When my older daughter was four, her preschool class was planning a Mother’s Day Tea. I was excited to go to my first Tea Party at school, but my daughter had other thoughts about the day. When I told her it was time to get dressed for school, she protested. She did not want to go and I decided it was not going to be a good experience for either of us to go, so I called the school and told them we were taking the day off. Had this been another “regular” day, we certainly would have packed up and gone to school, but in reality, I was being a bit selfish because I didn’t want a memory of my first school Tea Party to be one filled with tears.

Once I backed off and told her we would stay home together for the morning, her tears immediately dried up and she shared a secret with me. She had been planning in her mind, my very own personal tea party. Be still my heart!

She led me to the kitchen and we made peanut butter finger sandwiches and lemonade. We picked flowers from the back yard and decorated the dining room table. She was quite specific that she wanted to use the fine china, and carefully she set the plates, cups and saucers at our places at the table.

Having prepared the table, she announced it was time to get ourselves ready and oh, what fun we had going through my closet. She picked out her grown up outfit, picked out my dress, we put on make-up together and brushed each other’s hair.

I must say, the celebration at the table and the actual Tea Party, took about five minutes but the true celebration of her wanting to have this morning together was the true gift. To this day, it is my favorite memory of Mother’s Day. I am forever grateful that I did not miss it. I am grateful I was able to be present and just be-with her. You never know by being present, being playful and being accepting what magical gift awaits you.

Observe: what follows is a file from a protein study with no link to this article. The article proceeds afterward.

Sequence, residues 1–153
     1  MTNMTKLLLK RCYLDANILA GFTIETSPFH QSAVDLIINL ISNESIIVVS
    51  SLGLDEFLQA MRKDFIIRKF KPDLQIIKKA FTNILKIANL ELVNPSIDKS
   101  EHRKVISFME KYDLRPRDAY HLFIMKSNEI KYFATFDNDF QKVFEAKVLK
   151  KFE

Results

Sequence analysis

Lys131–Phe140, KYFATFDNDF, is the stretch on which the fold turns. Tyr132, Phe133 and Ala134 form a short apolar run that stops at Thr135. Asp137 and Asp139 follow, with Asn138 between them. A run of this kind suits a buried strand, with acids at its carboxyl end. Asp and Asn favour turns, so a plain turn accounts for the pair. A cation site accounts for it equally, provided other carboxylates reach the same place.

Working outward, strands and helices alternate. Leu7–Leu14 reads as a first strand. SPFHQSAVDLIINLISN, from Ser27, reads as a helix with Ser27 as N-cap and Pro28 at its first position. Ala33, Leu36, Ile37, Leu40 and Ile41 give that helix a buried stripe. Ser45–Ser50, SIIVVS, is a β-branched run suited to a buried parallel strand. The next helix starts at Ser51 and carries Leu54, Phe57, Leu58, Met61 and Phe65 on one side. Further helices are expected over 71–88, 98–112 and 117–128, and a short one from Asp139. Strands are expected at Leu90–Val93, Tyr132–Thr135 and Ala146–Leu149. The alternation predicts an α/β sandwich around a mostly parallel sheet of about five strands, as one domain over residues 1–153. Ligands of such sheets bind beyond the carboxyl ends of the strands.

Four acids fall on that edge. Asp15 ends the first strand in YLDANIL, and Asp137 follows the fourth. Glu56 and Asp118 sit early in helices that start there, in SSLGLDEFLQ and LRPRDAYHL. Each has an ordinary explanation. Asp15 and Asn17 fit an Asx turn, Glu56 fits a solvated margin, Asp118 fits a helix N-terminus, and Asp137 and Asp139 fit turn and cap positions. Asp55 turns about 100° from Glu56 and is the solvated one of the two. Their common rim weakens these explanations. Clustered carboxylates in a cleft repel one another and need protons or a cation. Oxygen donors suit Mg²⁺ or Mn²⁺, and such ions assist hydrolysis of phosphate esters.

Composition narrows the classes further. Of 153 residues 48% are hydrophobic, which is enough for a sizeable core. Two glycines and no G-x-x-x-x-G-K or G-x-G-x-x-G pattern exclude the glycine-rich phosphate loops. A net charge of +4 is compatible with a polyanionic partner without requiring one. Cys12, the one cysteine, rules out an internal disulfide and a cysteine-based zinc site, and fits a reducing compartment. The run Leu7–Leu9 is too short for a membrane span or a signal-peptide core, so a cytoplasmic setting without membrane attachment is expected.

Here’s wishing you a Happy Mother’s Day, everyday.

See you tomorrow.


Honoring Teachers

Thank you to our teachers! We are grateful for your faithfulness to the children.

This past year of witnessing the teachers and administrators as they have balanced a teaching schedule around Covid has been mind-boggling and for those on the front lines, it’s probably been mind-numbing at times. I admire the strength and tenacity it has taken for these wonderful souls to teach our children. They most certainly need our thanks for all they have accomplished …and they deserve an extra special end of year present this year.

Here are 5 ideas to get your started:

1 A Gift Card to a favorite restaurant –attached to a plate of homemade cookies.

2 A basket full of books or magazines that your teacher would enjoy. Let your child decorate the basket or write a letter of appreciation to that teacher for all that he/she has done this year.

3 A recipe box, filled with recipes you enjoy the most. Include a casserole (such as chicken tettrazini) with the recipe attached.

5 Give them a gift card for a spa package and include a gift bag filled with bath soaps and hand creams.

The gifts the teachers have given to all the children this year will become a permanent part of their foundation as they move forward into the next year. They will be remembered long after the school year ends and for many children, they will be remembered for a lifetime. We are lucky to have had so many step forward with confidence and teach our children well. Thanks some more wonderful teachers. You have made a difference.

Have a great day. See you tomorrow!


Maintaining Trust

Today’s news is really out of balance. Stories are sensationalized and this impacts our views of the world. If you think it doesn’t affect your children, you should rethink what they are absorbing everyday when news is playing out on the screens.